I am writing at the direction of the board of trustees. After reading the June 29, page 1 article "NYCERS sends big bucks up in smoke" and your July 13 editorial "Fiduciary diversion," we believe neither the article nor editorial conveyed to your readers the responsible process the New York City Employees' Retirement System trustees undertook in examining continued investment in tobacco.
The NYCERS' trustees have a fiduciary obligation to the almost 300,000 members and beneficiaries to invest the system's $38 billion in assets in a prudent and responsible manner. It is precisely because of that duty that the trustees carefully reviewed the financial, legal, regulatory and legislative issues associated with tobacco investment. They were not guided as your editorial stated by parochial political or economic considerations. Uninformed reporting of the process and subsequently memorializing this erroneous perspective on your editorial page unnecessarily diminished the substantive process undertaken by the board of trustees.
It was after this thorough examination that the office of the comptroller, District Council 37, International Brotherhood of Teamsters Local 237, Transport Workers Union Local 100 and Bronx Borough President Fernando Ferrer sponsored a resolution. The resolution to implement a restriction of additional purchases of tobacco stocks in the NYCERS domestic index portfolio was approved unanimously by the board (the Office of Public Advocate abstained).
Your readers also should be aware that the independent financial consultant retained by the board found that, over the long term, tobacco stocks have performed well as an investment. Over the last three years, however, there has been some deterioration in the financial characteristics. The report recommended "a measured or staged approach to divestiture." The report also pointed out that divestment, at the present time, would not be in the interest of the plan's beneficiaries.
This is not to imply the pension fund should deliberately choose to benefit from tobacco. In fact, the members of the board of trustees in their roles as elected officials and municipal union leaders have strongly supported the enactment of some of the strongest anti-tobacco measures in the country.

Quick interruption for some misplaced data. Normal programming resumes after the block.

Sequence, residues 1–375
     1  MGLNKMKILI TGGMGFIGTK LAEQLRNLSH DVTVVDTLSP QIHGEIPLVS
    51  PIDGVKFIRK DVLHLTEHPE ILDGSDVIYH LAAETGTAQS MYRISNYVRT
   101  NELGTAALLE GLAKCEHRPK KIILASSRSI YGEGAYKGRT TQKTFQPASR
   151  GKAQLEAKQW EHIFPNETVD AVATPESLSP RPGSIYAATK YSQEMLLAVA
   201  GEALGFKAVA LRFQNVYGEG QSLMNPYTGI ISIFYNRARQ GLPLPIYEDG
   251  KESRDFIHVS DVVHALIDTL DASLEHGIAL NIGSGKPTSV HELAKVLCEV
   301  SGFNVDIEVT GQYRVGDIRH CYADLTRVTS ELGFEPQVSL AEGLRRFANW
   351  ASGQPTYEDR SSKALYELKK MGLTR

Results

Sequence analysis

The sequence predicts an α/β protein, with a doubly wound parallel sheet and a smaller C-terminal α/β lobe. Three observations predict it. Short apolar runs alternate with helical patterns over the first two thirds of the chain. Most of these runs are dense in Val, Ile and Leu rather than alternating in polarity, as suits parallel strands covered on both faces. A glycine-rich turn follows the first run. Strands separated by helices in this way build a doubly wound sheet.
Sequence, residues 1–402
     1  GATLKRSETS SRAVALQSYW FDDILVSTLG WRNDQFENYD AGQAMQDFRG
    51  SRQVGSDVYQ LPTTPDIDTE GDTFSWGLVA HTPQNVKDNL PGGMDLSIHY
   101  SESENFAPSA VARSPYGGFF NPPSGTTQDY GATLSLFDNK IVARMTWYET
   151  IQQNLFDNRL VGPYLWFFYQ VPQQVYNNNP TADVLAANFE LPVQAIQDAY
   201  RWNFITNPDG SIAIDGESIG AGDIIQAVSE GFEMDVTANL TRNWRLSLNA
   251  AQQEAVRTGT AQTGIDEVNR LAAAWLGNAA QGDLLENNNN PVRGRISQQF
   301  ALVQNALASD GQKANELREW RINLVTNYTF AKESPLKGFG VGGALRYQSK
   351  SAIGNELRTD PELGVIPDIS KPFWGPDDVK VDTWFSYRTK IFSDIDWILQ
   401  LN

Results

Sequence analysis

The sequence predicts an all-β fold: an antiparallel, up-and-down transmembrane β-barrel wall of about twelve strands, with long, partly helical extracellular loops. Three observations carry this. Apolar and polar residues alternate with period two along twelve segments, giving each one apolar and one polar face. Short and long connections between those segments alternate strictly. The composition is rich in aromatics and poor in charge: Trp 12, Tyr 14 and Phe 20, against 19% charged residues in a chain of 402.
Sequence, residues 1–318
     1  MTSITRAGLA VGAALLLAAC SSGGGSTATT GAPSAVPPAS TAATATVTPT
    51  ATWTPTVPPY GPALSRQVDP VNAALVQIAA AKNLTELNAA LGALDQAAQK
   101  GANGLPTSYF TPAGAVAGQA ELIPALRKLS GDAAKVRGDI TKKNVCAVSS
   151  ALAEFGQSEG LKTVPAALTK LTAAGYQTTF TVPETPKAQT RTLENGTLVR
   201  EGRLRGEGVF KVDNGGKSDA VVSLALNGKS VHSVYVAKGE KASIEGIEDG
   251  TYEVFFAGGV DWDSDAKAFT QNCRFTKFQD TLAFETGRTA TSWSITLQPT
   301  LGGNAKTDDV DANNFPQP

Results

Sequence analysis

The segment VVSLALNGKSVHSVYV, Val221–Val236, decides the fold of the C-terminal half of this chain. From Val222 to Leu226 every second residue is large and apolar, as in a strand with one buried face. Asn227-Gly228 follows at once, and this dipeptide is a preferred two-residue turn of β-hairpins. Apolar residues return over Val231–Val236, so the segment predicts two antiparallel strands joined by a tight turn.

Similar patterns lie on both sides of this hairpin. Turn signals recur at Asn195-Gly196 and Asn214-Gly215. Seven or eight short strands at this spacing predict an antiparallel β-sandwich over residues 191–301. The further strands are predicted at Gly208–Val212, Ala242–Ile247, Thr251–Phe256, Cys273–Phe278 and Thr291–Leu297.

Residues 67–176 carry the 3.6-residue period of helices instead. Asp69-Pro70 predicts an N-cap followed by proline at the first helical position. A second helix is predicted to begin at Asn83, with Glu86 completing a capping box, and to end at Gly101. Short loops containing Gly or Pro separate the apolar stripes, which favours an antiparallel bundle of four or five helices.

Throughout the process, the trustees were guided by their fiduciary obligation to act in the best interest of the plan's participants and beneficiaries. It is this careful and deliberative process that has led NYCERS to achieve investment results that have been in the top decile of large public plans for the three-, five- and 10-year periods. Criticism for careful exercise of our fiduciary responsibility is unwarranted.
John J. Murphy
New York City Employees' Retirement System
DC vs. DB results
With respect to the page 16 article in the June 1 issue discussing the B.J. Vincent Canadian Pooled fund survey, I would like to clarify that the survey does not actually study investment results of DC versus DB plans.
In discussion with the author of the article I had indicated that the money deposit results would equate well to the results a DC plan member might have realized over the period of the study included in the survey.
I also suggested that the returns realized in the pooled funds, during the bull markets (both equity and bond) that we have experienced over the last eight or nine years, were substantially better than the comparable returns most DB plan members would have realized if there had been a conversion of their defined benefits earned over the same time period.
I did not mean to suggest that the lump sum results of the survey equated to DB plan returns.
It is hoped that over time we will be able to find ways of making even better and statistically credible analysis of the type discussed in the article. I would also like to add that we very much appreciate the efforts Pensions & Investments makes to include news and information from north of the border.
Donald M. Armstrong
Donaldson Vincent Associates
North York, Ontario